One of the fruitful parts of this silly Lenten experiment I started 6 weeks ago is that it has forced me to focus more heavily on things to write. I feel as though I've opened my eyes, ears and heart wider. I've searched for sources of inspiration. Most frequently this Lent, I have found them in my faith.
There is a little over 1 week left in Lent. I've taken advantage of Lent's "off days", but have persevered thus far in being on task to complete 40 blogs in "40" days. There is definitely something to be said for making a goal known to others; I may have gone directly against Jesus's words we heard on Ash Wednesday but the accountability I feel towards those who read this blog has helped propel me closer to the total allotment of posts. I'm not done and in many ways I feel that I may have traded quality for quantity, but I have rediscovered some small semblance of resilience in myself while on this journey.
As I've struggled to bear this literary load, I have reflected on how important developing resiliency in students is. We need to help students get smarter. We need to help them be better. We need to help them develop maturity, responsibility, compassion, a sense of self and a sense of their vocation. But, we also need to make them resilient. We need to temper them. We need to help them find some inner grit. We need to help students see that when life pushes them around - a difficult subject, trouble with their peers, frustrations over their self-image - that they need to push back. I'm not advocating violence. What I am advocating is giving our students the resolve needed to remain true to their beliefs, committed to those they love and undeterred from the work given to them to do.
Without heat and pressure there would be no diamond.
This concept of resiliency resurfaced in my faith life recently. In listening to a mission talk by Monsignor James Patrick Shae, the President of the University of Mary, I was struck by the stark contrast between both Peter and Pilate and Jesus. On the one hand we have Jesus and His constant forward movement born out of love, and built by faith. His resiliency is heroic. He stays true to Himself, true to His Father, true to His Mission. He heals one of the guards ears as He is being arrested. He testifies that He is Truth. He is beaten, bloodied and bruised. He carries his Cross willingly, lovingly. He falls but gets back up multiple times. He continues to teach and guide and forgive all the way up to His final breath. It is somewhat of an unfair comparison, but Jesus embodies resiliency - He even bounces back from death! - while both Peter and Pilate embody defeat.
We know Peter's story so well. How often are we Peter? How many times do we deny even knowing Jesus? We skip Mass. We don't have time to pray. We never mention our faith to those who don't believe. We acknowledge Jesus (maybe) with our lips, but deny Him with our hearts and minds. When pushed, we fall. When pressed, we crumble. Call me Peter.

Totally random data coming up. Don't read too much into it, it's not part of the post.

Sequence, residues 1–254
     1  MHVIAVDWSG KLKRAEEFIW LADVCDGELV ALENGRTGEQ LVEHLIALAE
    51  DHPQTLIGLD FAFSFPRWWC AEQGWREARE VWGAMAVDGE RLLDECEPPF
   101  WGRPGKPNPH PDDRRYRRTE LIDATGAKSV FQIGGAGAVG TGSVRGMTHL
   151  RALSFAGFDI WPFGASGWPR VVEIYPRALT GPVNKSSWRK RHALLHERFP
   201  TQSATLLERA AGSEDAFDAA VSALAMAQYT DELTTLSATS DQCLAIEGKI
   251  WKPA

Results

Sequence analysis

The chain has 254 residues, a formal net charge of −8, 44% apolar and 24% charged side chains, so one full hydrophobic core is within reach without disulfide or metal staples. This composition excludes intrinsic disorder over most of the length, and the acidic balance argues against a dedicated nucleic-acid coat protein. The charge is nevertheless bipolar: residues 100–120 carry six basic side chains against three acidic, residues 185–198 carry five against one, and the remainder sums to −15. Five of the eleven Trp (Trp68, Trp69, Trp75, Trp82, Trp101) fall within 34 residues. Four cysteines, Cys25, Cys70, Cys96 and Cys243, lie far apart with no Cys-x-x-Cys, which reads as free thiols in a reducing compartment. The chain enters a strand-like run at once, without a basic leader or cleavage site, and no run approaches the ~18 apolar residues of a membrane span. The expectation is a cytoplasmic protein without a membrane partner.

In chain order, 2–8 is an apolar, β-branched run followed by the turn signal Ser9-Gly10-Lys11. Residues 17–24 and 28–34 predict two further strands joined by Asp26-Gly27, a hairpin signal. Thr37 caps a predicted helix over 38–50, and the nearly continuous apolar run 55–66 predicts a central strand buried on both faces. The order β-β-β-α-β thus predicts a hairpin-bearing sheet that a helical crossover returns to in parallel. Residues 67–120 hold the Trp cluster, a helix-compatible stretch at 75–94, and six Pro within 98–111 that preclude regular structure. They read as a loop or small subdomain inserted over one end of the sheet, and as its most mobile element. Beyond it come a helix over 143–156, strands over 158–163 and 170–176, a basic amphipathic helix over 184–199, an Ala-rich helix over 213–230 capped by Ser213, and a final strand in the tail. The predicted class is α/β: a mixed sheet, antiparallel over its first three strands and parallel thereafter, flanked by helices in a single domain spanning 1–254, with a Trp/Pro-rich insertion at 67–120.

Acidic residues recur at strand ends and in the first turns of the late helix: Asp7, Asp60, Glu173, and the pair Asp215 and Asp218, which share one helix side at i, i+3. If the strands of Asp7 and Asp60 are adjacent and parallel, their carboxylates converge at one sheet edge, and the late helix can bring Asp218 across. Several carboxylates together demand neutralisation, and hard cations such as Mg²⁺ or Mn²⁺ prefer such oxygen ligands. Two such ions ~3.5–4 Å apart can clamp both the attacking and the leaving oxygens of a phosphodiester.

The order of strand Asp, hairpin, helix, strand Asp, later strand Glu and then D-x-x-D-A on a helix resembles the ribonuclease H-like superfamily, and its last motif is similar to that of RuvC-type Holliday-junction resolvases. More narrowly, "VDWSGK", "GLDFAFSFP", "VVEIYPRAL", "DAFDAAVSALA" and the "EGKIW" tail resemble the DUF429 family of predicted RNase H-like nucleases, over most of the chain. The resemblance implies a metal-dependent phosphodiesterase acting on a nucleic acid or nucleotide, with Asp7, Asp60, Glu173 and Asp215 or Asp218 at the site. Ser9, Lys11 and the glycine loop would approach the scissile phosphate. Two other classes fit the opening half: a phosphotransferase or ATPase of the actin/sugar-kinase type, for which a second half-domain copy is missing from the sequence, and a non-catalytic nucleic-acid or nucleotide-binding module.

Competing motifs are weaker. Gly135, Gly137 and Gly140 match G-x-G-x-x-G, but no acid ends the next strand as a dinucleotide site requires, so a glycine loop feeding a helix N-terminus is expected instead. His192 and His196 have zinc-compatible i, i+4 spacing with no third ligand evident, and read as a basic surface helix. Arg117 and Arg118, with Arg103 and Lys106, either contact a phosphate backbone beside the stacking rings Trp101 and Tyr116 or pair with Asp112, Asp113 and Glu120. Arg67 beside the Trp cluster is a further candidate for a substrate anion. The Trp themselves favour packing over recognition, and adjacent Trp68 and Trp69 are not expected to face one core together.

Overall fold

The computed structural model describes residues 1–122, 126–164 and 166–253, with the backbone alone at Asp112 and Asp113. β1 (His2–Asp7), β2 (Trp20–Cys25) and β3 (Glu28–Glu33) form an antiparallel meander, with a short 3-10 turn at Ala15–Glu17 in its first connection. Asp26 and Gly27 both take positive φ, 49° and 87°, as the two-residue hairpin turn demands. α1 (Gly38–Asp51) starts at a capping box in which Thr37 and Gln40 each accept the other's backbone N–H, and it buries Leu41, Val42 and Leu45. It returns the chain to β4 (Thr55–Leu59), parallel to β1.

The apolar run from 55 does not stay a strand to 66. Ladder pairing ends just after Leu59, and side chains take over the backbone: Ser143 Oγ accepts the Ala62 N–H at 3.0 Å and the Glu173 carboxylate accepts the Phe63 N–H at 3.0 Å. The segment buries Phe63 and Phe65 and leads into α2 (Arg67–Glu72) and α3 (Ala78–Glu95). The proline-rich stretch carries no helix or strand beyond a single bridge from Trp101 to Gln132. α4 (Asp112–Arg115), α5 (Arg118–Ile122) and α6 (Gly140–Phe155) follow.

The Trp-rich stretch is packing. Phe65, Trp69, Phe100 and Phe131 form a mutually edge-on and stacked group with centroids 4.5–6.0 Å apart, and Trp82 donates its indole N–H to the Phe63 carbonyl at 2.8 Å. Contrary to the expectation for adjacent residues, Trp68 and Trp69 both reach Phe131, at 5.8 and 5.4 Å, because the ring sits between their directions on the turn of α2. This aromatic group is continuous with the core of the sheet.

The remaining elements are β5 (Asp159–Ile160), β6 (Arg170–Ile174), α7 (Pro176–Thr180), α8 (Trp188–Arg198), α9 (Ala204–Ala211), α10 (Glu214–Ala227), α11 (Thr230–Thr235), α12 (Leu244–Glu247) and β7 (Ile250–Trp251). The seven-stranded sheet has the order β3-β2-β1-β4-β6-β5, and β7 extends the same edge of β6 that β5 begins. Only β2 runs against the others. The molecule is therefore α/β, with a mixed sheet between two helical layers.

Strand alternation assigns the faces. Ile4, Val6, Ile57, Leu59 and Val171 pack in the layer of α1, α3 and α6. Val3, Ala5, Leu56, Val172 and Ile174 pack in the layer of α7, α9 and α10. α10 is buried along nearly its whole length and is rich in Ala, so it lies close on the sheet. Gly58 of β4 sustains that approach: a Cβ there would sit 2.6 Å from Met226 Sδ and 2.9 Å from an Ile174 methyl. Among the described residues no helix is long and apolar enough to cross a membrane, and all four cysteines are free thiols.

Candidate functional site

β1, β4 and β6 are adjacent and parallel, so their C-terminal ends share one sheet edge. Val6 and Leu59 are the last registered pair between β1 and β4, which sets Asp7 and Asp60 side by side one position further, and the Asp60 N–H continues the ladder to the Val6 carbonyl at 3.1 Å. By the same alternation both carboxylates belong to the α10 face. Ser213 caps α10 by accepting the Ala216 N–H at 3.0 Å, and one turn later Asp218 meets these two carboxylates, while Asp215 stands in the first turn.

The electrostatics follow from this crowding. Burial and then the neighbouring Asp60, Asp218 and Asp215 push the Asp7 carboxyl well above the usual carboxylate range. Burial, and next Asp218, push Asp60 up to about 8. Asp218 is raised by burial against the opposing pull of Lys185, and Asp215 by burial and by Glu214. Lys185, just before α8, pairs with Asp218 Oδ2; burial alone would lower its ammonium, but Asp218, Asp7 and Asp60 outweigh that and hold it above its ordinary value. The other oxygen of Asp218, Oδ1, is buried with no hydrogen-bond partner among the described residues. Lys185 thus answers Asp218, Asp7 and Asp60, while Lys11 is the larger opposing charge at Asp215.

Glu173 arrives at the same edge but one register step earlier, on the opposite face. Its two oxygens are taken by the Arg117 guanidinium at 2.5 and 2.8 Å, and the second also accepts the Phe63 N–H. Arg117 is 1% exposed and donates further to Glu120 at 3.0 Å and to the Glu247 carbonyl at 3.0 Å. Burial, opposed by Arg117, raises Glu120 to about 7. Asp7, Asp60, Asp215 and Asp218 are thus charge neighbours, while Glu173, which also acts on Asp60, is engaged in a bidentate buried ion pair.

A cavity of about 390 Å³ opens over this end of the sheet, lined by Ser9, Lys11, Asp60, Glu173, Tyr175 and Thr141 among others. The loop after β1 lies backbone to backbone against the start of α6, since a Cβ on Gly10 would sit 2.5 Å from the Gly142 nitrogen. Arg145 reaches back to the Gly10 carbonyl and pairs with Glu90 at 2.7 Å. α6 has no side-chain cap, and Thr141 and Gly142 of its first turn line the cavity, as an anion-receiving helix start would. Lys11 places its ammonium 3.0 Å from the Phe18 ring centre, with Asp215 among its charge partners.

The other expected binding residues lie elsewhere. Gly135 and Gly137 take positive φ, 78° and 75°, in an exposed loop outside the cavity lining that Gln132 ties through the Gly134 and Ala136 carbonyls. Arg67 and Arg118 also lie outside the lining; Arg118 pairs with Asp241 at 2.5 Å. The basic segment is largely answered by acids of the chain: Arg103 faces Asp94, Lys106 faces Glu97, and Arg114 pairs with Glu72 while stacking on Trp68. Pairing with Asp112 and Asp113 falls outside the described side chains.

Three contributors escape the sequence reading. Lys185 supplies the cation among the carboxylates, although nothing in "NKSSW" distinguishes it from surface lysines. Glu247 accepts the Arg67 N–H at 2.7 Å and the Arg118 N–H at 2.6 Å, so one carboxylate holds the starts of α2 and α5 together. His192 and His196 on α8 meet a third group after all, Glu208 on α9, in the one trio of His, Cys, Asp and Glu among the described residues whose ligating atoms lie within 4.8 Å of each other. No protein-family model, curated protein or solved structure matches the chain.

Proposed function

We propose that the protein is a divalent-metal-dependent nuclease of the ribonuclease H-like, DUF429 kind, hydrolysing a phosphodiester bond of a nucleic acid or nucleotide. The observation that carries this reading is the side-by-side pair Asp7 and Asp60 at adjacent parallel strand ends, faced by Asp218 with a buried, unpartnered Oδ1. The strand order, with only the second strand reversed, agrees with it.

Pilate's story, while known, may be met with more forgiveness than Peter's. Pilate tries to do just about everything and anything to keep Jesus alive. He sends Jesus to be scourged. He sends Jesus to Herod. He questions Jesus. He tries to have Jesus released. Surely Pilate was just keeping the peace, right? He washes his hands of the sentence, blaming it on the unruly crowd.
But, Pilate could have stopped it all. "I find this man guilty of no crime," Pilate says, but fails to finish the sentence in the way that he should. He crumbles under the power of his office, of keeping his position, of keeping the peace. Pilate, though, could have ordered the soldiers at his command to keep the peace. He could have demanded that Jesus be treated in the way that Pilate deemed. He gave in. He succumbed. He reasoned away this heinous crime, the most heinous in all of history. He did everything within his power except use his power.
When pushed, we fall. When pressed, we crumble. We have a false sense of strength. We have a false sense of our goodness. I already do service in my job - I work for the Church. I get paid so little anyways, and yet I still give. I have written almost 40 blogs. Call me Pilate, too.
We don't necessarily get to hear the end of Pilate's story. Perhaps he had some sort of conversion. Perhaps he learned a valuable lesson and started to use his power and authority to do good. Perhaps.
We do know Peter's end. The first Pope, Jesus entrusts Peter with the keys to the kingdom. Despite a failure, three of them actually, on the night that Jesus was condemned, Peter displays resiliency. Peter was a slow learner, but ultimately a resilient one, too.
Our story isn't complete. Lent isn't over.
There is still time. Time to become resilient. Time to be resilient.
Time to begin.